# Topological Filtering and Topological Active Matter

Vibrations are essential characteristics of matter and its activity. One strategy to alleviate the energetic crisis is to adapt part of the electromagnetic technological demands to vibrational filtering technologies. To this end, we plan to build analogue filters employing vibrational eigenstructure design, that is, leveraging the topological eigenstructures of mechanical and molecular vibrating systems. For example, using spectral decomposition, we analyze the eigenscape of fundamental frequencies of tessellations of molecules at surfaces in order to develop topological indicators for dynamic active matter. These indicators depend on the type of physical property (stiffness, mass, velocity, frequency, rotational angles, etc). Ultimately, we aim to topologically classify dynamical and active matter and to design novel filters that enhance transmission of vibrations across finite materials at finite temperatures. This toolbox is applied across scales to create new ways of transmitting information, energy and matter, help in the design of aids, architectural spaces, garments and reduce the complexity of computer-aided shape designs.

For the past three years our research activities have been focused on: (1) The mathematical description of the vibrations of discrete surfaces based on the spectral analysis of the wave equation (Figure 1). (2) The design, modelling, measurement and analysis of functional (supra)molecular architectures at surfaces (Figure 2, Cojal González *et al.* 2019; Palma 2021). These systems act as a playground for the study of topological properties in materials in the presence of global perturbations, such as temperature. Following our extensive efforts, the time is ripe to advance into the applicability of these research: Can we fabricate ›optical fiber‹-analogues for vibrations, so as to transmit and filter information and energy from A to B? How can topological properties of physical eigenspaces help in the disruptive design of artistic, architectural, computational and cultural environments?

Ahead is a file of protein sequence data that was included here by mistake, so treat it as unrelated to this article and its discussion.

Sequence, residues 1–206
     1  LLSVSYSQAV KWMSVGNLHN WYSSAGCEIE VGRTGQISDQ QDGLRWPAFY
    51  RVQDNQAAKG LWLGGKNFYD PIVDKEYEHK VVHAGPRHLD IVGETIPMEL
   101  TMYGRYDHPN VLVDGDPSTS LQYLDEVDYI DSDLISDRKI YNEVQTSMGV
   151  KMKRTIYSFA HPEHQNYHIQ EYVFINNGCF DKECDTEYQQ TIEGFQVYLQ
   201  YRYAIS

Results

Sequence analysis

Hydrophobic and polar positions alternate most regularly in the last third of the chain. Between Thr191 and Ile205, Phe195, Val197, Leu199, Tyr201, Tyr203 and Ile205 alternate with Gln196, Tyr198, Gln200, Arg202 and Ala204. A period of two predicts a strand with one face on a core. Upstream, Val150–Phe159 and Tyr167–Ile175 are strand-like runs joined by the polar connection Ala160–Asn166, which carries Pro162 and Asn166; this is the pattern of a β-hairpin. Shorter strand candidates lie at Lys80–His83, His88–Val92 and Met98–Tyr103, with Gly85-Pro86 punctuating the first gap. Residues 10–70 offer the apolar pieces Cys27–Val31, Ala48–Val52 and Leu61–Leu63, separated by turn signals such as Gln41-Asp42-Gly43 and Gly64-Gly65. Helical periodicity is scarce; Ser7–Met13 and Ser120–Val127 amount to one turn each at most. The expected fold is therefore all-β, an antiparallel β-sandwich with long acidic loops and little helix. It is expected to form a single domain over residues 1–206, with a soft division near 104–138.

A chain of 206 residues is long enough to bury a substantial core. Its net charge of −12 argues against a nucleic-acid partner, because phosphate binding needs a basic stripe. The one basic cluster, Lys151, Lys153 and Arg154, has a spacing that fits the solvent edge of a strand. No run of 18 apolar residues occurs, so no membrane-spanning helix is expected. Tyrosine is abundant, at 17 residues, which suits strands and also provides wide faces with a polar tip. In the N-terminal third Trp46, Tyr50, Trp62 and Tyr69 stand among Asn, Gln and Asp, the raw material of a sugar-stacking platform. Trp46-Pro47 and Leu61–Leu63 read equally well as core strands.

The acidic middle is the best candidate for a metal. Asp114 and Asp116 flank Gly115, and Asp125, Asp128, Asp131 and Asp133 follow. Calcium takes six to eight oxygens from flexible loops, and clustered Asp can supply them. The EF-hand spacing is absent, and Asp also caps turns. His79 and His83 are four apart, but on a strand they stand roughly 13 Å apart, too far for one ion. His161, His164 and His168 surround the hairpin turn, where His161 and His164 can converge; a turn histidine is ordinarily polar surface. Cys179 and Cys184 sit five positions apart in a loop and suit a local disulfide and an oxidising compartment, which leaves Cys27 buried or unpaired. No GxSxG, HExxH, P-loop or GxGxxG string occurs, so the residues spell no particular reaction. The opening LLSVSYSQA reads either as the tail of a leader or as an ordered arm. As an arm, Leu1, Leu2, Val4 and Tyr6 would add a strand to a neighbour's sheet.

Our current research plan comprises the following packages:

**a. Vibrational and diffusional active matter waveguiding.** We are developing topological spaces of propagating waves of vibrating matter, theoretically and experimentally. In accordance with the principles of topological physics, we have the conjecture that at least two distinct topological (vibrational) spaces may exist in matter, such that each one will transmit waves of interest. Ultimately, we will demonstrate the experimental transmission of diffusive waves of matter, on top of a molecular lattice – a vibrational and diffusional ›optical fiber‹.

**b. Physical eigenspace design.** Here we analyse and design vibrating material across scales, from molecular dynamics up to real-world shapes and models. With physically-motivated modifications to the Laplace operator a more versatile and material-sensitive wave equation will be designed whose fundamental eigenspaces serve as major tools in the filtering and design of shapes. The eigenspace design will drastically reduce the complexity of shape design in computer-aided design, computer animation and architecture.

**c. Filtering in spaces of many body physics.** The Cube of Physics represents our knowledge of physics with eight theories at its corners and six worlds at its faces. While most of the corner theories are well established today, there are puzzling open ends, particularly the so-called Theory of Everything. Moreover, this Cube does not contain many body theories, which pertain to matters of activity, where temperature, statistical physics, and the physics of complex systems play key roles. For this purpose, a four-dimensional Hypercube of Physics shall be explored, with the axes connected to the physical constants G, c-1, h and k_B, and thereby to the corresponding natural units for length, mass, time, and temperature, as introduced originally by Max Planck. The Hypercube shall be employed to classify and explore filtering processes in different pertinent spaces of many body physics.